Minister Tito Mboweni delivered the 2020 South African Budget yesterday. The Budget was largely in line with expectations; curb wasteful expenditure, rationalize but support State-owned Enterprises, and tackle the public wage bill. “The one pleasant surprise, was that the minister declined to use extra taxes as a means to balance the books, and chose rather to let money circulate in the real economy” said NAACAM Executive Director Renai Moothilal, reflecting on the effort government is making in trying to get the economy to work again. “It was always going to be a tough budget and South Africans are at least starting to see state decisiveness in looking to kickstart a spluttering economy.”
The announcement on cutting the Public Wage Bill by R160 billion in medium term will likely lift business confidence and stave off, albeit temporarily, a Moody’s downgrade. The real test is on whether the Minister can carry out these reforms with the support of labour. NAACAM welcomes the commitment from government to sort out the issues at Eskom as the instability of the grid has impacted the automotive sector negatively.
Maintaining fiscal prudence
Overall, expenditure is expected to rise to R1.95 trillion with a consolidated budget deficit of 6.8%. The Treasury has announced that there will be no tax increases and that there is even a likelihood of reducing corporate tax in the “near future” to help businesses grow. Our initial assessment is that this will put more than R2 billion back into the hands of consumers. By and large, the Budget was well balanced, both pro-consumer and pro-business, which bodes well for our members who have been feeling the pinch on the manufacturing floor.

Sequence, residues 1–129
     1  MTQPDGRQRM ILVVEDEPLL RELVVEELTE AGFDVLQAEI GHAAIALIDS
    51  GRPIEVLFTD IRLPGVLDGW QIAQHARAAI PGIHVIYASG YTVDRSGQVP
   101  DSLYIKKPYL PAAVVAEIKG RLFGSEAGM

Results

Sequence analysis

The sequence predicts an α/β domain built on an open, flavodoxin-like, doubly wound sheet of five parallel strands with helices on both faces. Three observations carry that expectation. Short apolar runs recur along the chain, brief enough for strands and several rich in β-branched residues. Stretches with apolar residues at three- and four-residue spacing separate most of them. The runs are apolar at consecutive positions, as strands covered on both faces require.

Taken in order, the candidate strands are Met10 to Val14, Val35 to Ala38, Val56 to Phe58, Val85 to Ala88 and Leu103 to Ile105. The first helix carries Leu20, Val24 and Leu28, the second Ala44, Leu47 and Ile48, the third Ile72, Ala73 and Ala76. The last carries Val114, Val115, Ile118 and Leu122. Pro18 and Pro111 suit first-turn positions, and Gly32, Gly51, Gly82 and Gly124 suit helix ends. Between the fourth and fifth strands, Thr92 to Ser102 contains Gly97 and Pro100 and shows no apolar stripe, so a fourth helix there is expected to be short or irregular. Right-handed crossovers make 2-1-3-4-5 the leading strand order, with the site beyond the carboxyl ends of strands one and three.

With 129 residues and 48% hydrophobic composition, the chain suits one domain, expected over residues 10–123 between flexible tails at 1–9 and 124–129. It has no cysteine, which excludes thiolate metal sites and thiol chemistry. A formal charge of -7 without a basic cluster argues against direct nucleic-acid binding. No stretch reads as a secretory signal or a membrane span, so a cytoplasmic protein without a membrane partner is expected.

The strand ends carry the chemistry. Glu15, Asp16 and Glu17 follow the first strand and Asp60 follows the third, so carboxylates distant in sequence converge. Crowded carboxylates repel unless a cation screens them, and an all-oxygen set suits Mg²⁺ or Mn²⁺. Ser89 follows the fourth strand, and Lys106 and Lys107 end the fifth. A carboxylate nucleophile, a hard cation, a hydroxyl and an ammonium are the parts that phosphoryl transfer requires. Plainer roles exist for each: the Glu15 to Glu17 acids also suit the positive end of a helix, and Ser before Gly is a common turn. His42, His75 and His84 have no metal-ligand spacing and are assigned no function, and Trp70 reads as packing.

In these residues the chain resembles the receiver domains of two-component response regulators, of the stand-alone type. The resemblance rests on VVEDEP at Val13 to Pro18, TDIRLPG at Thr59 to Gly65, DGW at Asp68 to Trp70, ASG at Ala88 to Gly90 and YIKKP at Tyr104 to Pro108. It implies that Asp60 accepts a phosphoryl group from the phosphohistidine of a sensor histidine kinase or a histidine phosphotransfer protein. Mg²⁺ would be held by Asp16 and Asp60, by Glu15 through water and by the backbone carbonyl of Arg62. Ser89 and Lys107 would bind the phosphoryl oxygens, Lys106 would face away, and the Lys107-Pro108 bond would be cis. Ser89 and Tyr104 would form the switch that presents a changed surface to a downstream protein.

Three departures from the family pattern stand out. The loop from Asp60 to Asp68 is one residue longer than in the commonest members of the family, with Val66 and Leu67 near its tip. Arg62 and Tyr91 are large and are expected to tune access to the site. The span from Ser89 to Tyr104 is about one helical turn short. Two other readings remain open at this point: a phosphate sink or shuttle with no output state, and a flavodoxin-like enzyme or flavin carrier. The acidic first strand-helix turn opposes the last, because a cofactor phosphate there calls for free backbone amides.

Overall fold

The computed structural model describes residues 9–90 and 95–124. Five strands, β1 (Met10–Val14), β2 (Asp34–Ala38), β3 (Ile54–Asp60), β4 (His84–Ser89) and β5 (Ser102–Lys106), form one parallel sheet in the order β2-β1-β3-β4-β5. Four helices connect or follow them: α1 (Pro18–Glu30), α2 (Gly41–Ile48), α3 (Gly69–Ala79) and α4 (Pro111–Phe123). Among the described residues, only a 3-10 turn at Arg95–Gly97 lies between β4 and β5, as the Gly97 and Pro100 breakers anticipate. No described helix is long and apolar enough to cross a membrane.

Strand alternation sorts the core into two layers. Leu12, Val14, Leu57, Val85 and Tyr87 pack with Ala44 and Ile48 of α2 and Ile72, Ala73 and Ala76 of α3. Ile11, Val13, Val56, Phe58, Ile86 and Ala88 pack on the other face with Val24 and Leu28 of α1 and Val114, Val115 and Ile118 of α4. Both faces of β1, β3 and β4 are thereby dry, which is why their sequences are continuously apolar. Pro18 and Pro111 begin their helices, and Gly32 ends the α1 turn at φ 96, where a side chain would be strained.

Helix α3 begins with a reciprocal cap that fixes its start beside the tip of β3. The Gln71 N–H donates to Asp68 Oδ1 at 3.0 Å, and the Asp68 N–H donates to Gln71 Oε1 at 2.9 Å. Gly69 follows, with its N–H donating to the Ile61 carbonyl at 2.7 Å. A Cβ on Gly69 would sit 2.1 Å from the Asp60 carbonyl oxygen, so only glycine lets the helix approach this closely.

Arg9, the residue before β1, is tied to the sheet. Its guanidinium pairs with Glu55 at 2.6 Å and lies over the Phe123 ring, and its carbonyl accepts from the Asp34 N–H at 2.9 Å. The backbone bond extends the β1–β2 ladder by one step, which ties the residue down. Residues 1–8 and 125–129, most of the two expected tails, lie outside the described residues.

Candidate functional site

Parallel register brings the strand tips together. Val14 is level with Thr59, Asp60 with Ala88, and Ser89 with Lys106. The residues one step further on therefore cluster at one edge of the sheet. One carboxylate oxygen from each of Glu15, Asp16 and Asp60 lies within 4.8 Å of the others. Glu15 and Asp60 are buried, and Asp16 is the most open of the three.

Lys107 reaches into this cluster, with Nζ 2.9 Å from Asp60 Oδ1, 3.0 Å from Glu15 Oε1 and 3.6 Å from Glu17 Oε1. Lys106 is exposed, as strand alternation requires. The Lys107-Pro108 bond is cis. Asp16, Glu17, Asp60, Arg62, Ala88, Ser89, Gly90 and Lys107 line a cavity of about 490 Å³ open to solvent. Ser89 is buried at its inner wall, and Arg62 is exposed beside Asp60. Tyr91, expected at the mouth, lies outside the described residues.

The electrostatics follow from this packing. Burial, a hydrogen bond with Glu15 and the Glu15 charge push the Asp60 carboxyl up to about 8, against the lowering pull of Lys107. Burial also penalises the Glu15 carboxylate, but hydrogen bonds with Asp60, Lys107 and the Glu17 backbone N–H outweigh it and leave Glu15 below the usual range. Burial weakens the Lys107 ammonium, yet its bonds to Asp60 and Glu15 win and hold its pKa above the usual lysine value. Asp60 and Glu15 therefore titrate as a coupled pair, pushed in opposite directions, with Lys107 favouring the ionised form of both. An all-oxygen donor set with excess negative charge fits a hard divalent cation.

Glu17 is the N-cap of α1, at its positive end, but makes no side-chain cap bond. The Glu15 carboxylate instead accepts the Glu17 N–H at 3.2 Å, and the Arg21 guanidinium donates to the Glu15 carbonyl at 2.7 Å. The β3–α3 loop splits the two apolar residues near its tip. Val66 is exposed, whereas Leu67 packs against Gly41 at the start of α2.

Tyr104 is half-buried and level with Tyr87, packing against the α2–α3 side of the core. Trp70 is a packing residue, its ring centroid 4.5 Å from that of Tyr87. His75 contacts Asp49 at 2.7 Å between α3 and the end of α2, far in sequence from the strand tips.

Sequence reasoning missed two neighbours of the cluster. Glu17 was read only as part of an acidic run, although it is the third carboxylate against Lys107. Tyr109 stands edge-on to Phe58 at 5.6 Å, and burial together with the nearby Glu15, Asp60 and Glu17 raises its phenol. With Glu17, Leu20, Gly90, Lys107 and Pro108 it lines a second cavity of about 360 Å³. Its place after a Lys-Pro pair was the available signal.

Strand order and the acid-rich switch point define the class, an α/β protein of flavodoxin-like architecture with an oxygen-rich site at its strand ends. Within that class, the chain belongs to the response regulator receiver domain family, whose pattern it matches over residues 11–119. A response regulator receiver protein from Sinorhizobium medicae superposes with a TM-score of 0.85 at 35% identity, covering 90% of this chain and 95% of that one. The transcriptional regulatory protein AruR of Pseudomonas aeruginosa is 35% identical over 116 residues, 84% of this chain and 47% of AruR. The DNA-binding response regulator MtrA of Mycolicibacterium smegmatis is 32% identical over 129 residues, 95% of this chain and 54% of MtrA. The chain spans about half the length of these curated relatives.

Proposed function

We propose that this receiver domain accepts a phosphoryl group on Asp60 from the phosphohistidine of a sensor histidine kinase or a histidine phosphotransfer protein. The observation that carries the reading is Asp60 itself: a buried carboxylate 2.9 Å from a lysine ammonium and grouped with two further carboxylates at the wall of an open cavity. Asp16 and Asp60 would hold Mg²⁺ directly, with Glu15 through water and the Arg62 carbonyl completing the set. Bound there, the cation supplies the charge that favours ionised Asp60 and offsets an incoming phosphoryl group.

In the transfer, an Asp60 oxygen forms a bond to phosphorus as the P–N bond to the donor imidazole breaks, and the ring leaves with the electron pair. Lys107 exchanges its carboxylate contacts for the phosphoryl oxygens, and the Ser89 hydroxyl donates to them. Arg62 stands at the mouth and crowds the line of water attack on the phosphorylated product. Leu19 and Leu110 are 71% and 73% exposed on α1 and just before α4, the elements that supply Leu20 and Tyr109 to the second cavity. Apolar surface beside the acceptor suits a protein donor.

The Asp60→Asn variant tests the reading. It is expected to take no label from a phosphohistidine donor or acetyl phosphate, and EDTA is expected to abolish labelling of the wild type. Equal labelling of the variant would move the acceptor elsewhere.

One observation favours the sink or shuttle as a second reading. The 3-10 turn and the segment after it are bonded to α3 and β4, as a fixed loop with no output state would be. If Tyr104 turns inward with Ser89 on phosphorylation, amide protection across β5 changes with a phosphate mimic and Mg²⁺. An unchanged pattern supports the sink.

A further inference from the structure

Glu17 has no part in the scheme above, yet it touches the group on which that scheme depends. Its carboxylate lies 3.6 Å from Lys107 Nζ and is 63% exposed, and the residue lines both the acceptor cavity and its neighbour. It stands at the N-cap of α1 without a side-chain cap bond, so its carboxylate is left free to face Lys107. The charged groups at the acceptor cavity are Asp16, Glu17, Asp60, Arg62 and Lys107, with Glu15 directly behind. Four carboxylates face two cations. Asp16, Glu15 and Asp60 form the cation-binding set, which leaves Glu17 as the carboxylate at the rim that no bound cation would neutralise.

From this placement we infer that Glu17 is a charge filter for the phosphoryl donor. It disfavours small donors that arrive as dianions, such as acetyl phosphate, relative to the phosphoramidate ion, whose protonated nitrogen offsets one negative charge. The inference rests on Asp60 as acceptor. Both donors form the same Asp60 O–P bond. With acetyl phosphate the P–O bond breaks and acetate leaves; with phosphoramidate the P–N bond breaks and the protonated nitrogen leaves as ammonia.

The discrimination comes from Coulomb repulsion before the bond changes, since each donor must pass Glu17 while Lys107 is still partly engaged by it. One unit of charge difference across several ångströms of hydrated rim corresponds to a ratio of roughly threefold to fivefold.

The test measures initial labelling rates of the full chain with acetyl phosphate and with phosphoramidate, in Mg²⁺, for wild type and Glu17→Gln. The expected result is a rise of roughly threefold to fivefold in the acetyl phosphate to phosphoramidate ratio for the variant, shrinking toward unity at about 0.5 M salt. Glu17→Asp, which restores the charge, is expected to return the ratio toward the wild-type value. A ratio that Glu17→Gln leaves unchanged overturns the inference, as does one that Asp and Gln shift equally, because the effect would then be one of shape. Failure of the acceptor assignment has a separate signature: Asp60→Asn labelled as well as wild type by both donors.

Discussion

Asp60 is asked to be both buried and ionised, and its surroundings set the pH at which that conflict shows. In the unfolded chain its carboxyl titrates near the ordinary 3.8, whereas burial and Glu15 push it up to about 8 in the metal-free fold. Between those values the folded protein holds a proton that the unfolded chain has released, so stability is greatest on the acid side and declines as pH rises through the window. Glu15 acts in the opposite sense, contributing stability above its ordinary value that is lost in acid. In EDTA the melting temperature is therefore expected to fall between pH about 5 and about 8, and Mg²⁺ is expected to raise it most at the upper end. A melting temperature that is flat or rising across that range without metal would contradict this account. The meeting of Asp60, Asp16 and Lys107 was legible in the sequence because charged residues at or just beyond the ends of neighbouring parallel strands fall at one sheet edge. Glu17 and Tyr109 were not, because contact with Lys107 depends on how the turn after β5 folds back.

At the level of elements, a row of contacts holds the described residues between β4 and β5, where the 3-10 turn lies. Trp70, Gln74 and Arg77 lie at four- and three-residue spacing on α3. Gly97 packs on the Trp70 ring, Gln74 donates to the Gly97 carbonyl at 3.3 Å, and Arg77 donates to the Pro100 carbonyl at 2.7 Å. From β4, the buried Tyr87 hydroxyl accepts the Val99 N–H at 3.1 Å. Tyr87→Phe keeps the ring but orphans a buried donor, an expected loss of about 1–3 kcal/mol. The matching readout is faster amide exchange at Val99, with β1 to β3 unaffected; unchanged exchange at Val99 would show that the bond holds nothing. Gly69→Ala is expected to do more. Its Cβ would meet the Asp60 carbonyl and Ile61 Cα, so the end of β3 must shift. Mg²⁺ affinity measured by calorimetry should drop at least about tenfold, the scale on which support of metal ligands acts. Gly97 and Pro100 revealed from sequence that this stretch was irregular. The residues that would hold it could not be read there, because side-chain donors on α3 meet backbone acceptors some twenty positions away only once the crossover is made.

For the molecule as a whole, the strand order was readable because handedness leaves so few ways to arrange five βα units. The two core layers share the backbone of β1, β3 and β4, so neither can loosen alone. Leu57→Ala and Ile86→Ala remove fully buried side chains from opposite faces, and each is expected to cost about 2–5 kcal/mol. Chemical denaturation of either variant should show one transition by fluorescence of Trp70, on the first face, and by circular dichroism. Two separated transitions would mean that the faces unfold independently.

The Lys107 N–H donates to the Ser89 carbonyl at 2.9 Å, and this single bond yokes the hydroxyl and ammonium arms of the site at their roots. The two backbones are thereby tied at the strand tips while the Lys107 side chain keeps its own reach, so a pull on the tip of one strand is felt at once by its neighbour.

Automotive industry in the budget
Overall, government support for industrial business incentives has marginally declined to R18.5 billion. The Budget is not yet clear how much of this fiscal cash will find its way to the automotive sector, though it’s clear that the sector remains supported through the APDP and coming SA Autos Masterplan 2035 policies
Naacam supports the announcement that the Minister made on the finalisation of duties on exported scrap steel. This could be an important beneficiation lever the country uses to ensure consistent local supply of scrap metal at competitive prices, to stimulate foundry-based component production. Of course the flip side of this would be the impact of the Carbon tax on this same foundry sector and pretty much the rest of the industrial base in SA, which is still searching for as many footholds as it can find in the ever changing cross winds of the global economy.